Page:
Following in His Footsteps - A Lees-McRae Legacy Story
BANNER ELK, N.C. -- On a temperate Saturday afternoon in January, a father and son sat sharing stories from their time at Lees-McRae College. They may have been discussing the same place, but one was speaking of his past, and the other of his present.
A legacy family is a family in which at least two relatives have attended the same institution. Michael and Josh Kurtz represent just one of many legacy families that can be found all over campus.
"I am honored that Josh is following a similar path. He is, of course, doing it in his own way, but it's nice to see the similarities in our experiences," said Michael Kurtz, a Lees-McRae Alumni and United Methodist Pastor.
Michael Kurtz attended Lees-McRae College from 1973-1975 when the school was still a Junior College and received his Associate of Arts Degree.
Michael's decision to attend Lees-McRae was made easier when he was offered, and accepted, a partial basketball scholarship. Aside from the financial incentive, he was originally from Ashe County and loved the mountains, which made the choice to come to Lees-McRae that much easier.
While he was a student he was a member of the Bobcat men's basketball team, was a member of Order of the Tower and was a Resident Assistant on the 3rd floor of Tennessee Dorm.
"The facilities have certainly changed since I was a student. My senior year was the year that McDonald Dining Hall opened and also Williams Gym. We didn't get to play in the new gym though. We were still in the old gym with wooden backboards," said Michael with a grin.
Josh, the son of Michael Kurtz and a Lees-McRae College student, was quick to point out how much nicer the facilities are now as compared to when his father was a student.
"Regardless of differences in facilities, we still have similar experiences. Dinners over at the coach's house, fun times with the team, and just playing basketball," said Josh with a gleam of pride in his eyes.
Josh, a junior, has followed a path very similar to that of his father, which even included his decision to attend Lees-McRae.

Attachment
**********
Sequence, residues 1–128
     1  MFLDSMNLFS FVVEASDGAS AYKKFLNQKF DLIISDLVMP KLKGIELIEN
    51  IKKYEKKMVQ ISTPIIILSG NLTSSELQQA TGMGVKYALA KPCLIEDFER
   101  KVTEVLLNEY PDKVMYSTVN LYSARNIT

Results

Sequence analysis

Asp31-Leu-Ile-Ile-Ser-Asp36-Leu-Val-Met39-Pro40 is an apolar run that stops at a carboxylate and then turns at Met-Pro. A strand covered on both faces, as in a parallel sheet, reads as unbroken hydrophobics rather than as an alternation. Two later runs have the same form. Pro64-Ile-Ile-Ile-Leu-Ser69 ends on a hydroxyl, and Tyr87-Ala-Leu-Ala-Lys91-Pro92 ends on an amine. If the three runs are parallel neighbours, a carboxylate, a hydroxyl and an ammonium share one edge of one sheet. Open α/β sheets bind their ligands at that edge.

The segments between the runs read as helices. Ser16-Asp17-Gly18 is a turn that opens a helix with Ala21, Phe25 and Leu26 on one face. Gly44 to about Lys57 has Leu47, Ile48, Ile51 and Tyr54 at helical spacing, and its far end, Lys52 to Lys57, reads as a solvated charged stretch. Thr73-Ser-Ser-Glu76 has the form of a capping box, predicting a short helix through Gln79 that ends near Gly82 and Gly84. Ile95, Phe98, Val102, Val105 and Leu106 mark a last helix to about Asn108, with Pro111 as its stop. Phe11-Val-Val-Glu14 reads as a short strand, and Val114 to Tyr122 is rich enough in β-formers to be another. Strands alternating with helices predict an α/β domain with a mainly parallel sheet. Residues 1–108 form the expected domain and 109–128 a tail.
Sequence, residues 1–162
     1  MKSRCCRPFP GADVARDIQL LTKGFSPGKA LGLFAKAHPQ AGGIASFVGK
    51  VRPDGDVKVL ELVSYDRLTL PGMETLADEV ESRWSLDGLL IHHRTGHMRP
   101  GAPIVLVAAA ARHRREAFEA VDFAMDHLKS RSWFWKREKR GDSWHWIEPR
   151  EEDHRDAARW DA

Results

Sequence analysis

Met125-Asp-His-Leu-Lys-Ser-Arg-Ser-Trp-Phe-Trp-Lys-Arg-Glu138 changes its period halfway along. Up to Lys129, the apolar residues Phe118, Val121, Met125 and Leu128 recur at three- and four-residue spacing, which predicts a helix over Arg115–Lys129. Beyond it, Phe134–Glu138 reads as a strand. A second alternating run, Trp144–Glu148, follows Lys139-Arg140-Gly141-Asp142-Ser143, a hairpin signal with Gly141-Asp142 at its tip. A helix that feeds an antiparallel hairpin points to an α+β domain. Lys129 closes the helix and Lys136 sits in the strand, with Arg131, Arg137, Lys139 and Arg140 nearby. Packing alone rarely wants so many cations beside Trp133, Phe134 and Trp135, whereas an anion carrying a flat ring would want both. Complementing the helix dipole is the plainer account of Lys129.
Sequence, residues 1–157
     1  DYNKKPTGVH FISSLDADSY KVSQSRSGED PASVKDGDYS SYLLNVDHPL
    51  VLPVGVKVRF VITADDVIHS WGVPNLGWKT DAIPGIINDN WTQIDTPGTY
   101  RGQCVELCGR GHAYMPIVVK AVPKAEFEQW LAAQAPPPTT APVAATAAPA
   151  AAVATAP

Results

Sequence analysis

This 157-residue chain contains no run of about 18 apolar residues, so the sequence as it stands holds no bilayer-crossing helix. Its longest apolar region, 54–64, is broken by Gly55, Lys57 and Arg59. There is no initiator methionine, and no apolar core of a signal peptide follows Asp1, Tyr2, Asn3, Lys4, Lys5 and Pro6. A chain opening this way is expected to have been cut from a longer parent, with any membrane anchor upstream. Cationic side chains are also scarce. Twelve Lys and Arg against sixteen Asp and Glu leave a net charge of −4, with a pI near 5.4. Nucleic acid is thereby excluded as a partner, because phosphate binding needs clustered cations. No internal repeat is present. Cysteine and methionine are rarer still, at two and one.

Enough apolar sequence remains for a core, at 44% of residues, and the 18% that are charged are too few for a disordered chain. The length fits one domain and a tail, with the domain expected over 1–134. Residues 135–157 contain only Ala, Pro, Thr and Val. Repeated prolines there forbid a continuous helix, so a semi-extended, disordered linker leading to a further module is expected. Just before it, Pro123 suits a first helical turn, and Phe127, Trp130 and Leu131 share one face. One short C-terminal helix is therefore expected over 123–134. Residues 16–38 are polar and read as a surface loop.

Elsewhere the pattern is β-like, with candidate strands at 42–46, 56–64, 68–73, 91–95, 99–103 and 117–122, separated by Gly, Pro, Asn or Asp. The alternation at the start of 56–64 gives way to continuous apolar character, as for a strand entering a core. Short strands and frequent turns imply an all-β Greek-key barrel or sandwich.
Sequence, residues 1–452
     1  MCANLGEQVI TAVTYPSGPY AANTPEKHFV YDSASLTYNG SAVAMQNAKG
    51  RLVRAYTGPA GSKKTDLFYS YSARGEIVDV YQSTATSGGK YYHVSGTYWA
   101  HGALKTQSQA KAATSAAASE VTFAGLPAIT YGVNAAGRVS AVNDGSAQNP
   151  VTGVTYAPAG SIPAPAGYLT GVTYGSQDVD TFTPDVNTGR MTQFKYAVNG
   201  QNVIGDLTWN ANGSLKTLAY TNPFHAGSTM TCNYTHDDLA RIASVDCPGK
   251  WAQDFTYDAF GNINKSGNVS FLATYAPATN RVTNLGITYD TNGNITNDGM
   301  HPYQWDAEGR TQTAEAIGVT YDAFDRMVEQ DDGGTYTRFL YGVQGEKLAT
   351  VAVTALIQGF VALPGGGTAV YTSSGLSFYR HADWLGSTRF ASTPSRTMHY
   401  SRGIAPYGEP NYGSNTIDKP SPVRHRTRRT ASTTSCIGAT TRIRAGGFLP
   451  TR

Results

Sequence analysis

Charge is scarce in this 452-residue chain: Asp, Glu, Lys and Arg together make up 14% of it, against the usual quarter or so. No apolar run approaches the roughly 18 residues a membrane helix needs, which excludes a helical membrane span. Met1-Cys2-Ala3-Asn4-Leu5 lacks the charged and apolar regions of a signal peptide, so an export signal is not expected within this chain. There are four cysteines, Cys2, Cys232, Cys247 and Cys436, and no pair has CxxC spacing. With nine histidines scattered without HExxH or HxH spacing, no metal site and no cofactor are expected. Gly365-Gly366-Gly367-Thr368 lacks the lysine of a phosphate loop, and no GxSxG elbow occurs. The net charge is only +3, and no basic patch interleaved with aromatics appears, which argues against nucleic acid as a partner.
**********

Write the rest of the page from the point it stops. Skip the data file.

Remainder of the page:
"Lees-McRae wasn't even on the radar until March of 2006 when the basketball coach invited me up to try-out. I had a great time. I walked through campus and it just felt like a good fit. Like my father, I love being in the mountains, and my grandparents live just over in Ashe County, so I have family pretty close," said Josh as he looked over and grinned at his father.
Josh's involvement on campus seems endless. He is a member of the Bobcat men's basketball team, a member of Order of the Tower, is a Resident Director for Tate Dorm, is in the Honor's Program, is a student representative on the Staley Lecture Committee and is the Delta Omicron Theta Sweetheart.
"I am an Elementary Education major and Religious Studies minor. I hope to teach for a couple years after I graduate and then go to Divinity School," Josh said with quiet determination.
Michael Kurtz also taught and coached for four years before going to Divinity School, which only furthers the similarities between father and son.
"Lees-McRae may have more and better facilities, but the one thing that hasn't changed after all these years is the close-knit relationships that students develop with each other and with their professors. I still remember John Wilson who was my professor for Ethics. He was such a kind man and wonderful professor. It says a lot about the college that they hire professors who are still memorable thirty-some years later," said Michael as he adjusted his thin-framed glasses.
"To have Josh attending my Alma Mater is so thrilling and serendipitous," said Michael as he leaned forward, resting his elbows on his knees.
As Josh rested in the same position, the spitting image of his father, he said, "It is an honor and a privilege to go to the same college as my father. It's so much fun to be able to share stories, because he knows exactly what I'm talking about -- he lived it."
Lees-McRae wasn't just memorable for its kind professors and close-knit relationships, there was legendary mischief had by students in the 70s.
"I remember the streakers. It was hilarious to watch. At least thirty or forty students running naked through campus, mostly males I believe. That is what was done back then. It was en vogue to streak I guess," Michael said as he laughed and grinned nostalgically.
As his son looked at him with surprise, Michael quickly added with a laugh, "Don't worry Josh, I didn't streak…not that I'm above it, I was just scared!"
From Resident Assistant, Order of the Tower and men's basketball to height, voice and mannerisms, the similarities of the Kurtz men are endless. And now, thanks to their shared collegiate experience, their bond will only continue to grow.
With a look of deep sincerity in his eye, Michael said, "We are just so happy that Lees-McRae reached out to our family and gave Josh and I the opportunity to experience the things that we have."